All's Fair

The Capitol Hill People's Fair customarily kicks off the summer at Civic Center Park, making it one of those tried-and-true traditions that you almost don't want to see change. You go for the walloping local entertainment roster on multiple stages and the quality craft vendors; you bring the kids so they can get lost in the jumping-castle, pony-ride and bungee-trampoline paradise in the Comcast Kids Corral, and you bring your appetite for the fair food and wine pavilion. And that doesn't even begin to address all the sideshows, from mural-making and scooter-raffling to a passport-themed scavenger hunt and the chance to roll around in a giant hamster ball.

But if there's anything different about this year's fair, it would be the decision by Capitol Hill United Neighborhoods to up its recycling efforts by launching a composting program for those mountains of People's Fair trash.

"We're working hard to educate vendors and attendees on sustainable living," notes spokeswoman Andrea Furness, so in cooperation with the Green Up Denver program, whose festival members also include the Cherry Creek Arts Festival, Pride Fest and the Denver County Fair, the summer's first fest will utilize hundreds of volunteers in the effort (visit the website to sign up). And then there's the layout, which has had to shift this year while renovations to the park continue. "It was a challenge, but we were creative with the layout," Furness promises, adding that two stages will be set up this year across the street in Lincoln Park.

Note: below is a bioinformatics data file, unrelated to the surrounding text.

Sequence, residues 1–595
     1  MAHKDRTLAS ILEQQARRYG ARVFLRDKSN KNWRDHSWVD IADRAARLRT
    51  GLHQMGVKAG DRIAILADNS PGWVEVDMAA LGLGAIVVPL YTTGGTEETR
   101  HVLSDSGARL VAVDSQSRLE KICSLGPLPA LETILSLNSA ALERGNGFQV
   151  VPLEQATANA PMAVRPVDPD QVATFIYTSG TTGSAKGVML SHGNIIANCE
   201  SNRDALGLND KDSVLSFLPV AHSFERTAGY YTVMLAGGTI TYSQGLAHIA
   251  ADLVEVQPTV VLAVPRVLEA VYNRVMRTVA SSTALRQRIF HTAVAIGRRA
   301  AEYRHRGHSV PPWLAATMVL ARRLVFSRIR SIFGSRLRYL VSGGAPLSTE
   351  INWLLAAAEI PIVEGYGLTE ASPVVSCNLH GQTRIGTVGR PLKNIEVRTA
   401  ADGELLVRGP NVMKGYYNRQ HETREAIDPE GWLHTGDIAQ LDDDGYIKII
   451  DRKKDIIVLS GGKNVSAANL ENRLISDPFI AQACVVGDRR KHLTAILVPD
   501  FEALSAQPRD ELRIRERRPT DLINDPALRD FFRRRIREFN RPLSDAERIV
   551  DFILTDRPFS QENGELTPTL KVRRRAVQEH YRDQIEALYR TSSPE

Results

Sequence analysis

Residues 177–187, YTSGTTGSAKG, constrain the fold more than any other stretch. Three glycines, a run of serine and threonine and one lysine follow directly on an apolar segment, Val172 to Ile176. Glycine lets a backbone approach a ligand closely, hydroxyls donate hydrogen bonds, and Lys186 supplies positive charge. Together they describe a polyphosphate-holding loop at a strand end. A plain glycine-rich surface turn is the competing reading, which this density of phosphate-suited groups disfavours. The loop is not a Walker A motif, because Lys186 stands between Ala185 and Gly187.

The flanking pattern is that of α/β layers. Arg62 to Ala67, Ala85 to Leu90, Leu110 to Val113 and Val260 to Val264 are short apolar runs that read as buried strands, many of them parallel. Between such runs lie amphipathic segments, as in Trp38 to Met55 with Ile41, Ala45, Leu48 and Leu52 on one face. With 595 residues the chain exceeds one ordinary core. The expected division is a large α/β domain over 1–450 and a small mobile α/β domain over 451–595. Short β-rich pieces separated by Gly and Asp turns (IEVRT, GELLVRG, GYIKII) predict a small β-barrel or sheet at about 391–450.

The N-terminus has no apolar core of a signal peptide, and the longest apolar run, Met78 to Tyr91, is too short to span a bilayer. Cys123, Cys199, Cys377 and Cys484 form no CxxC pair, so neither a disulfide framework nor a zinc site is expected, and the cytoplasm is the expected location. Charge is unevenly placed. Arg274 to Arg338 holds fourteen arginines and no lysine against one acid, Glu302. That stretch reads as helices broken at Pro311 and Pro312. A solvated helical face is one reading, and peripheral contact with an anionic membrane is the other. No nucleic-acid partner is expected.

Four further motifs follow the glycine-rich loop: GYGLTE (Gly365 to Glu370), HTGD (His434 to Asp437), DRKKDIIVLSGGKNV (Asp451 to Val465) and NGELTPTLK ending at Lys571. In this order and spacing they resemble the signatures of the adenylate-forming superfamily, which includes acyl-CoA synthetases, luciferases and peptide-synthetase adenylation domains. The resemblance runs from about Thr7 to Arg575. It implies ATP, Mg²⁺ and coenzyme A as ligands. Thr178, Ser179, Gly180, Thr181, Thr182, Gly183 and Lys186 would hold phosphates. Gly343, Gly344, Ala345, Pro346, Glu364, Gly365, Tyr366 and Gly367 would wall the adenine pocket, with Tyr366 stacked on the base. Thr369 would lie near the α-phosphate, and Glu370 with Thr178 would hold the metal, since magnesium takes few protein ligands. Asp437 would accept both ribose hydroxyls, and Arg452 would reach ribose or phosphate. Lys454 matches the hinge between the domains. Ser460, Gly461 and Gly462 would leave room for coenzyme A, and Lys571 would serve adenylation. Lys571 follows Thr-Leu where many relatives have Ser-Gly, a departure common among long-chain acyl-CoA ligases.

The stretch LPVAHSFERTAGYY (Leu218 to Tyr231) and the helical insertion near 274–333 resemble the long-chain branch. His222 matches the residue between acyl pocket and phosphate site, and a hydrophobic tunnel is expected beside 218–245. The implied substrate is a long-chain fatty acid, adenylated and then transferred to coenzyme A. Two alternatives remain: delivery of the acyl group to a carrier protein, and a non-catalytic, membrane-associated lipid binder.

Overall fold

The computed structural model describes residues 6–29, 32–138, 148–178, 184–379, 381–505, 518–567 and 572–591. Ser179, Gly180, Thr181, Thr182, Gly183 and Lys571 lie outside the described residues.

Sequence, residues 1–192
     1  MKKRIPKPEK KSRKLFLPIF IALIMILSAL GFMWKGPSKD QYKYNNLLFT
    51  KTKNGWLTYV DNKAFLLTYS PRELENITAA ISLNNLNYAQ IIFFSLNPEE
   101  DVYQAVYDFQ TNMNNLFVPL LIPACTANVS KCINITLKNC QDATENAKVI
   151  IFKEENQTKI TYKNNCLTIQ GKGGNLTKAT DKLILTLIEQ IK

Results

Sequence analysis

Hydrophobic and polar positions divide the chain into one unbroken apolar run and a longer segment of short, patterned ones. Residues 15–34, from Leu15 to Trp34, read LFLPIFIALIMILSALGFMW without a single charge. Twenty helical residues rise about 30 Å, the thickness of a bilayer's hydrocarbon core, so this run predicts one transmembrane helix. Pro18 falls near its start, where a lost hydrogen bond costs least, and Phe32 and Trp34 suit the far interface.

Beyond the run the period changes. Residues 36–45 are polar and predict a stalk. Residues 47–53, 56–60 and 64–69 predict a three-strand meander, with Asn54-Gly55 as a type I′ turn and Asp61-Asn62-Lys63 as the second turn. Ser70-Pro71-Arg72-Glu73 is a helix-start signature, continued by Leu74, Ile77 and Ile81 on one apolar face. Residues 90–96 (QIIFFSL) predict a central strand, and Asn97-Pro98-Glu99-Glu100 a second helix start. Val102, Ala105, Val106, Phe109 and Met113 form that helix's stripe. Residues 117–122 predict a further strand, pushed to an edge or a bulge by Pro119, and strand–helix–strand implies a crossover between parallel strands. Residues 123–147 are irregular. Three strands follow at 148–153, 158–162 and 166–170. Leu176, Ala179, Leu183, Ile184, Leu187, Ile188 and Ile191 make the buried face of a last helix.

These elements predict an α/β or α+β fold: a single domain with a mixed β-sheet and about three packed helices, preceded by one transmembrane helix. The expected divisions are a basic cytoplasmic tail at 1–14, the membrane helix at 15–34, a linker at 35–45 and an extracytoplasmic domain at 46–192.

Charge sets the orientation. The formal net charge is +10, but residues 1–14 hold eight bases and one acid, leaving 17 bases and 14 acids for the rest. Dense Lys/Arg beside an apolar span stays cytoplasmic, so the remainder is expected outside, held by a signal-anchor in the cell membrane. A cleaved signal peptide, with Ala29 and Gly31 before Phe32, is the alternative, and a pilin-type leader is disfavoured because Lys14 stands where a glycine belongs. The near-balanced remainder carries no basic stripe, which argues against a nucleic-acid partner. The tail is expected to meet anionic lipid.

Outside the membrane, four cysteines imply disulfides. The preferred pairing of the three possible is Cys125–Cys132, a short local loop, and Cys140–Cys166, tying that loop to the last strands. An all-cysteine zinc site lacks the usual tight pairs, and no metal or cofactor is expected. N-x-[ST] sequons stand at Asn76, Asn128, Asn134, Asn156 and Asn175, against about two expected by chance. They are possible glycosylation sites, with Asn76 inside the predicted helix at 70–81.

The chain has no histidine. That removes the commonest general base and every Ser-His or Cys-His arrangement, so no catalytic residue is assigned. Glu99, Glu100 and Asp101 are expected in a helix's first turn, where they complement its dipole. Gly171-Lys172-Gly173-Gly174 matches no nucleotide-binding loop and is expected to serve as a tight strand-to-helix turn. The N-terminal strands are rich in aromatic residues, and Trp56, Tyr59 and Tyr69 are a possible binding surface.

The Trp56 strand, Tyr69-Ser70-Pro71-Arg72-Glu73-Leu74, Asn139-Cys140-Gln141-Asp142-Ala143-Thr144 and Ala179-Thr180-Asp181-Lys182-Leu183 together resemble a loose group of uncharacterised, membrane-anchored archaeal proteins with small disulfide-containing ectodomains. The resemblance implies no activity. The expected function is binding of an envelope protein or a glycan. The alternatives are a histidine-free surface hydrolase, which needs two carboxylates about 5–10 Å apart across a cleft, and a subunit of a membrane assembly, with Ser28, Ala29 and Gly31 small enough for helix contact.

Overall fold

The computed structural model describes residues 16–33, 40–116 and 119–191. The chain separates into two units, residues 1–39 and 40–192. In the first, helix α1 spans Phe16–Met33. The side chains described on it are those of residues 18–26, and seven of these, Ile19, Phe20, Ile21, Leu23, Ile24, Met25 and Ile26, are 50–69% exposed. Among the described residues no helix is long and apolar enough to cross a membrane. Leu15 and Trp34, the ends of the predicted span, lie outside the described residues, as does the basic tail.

Visit the People's Fair from 10 a.m. to 7 p.m. today and tomorrow; admission is free. For details, visit
June 2-3, 10 a.m.-7 p.m., 2012

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Susan Froyd started writing for Westword as the "Thrills" editor in 1992 and never quite left the fold. These days she still freelances for the paper in addition to walking her dogs, enjoying cheap ethnic food and reading voraciously. Sometimes she writes poetry.
Contact: Susan Froyd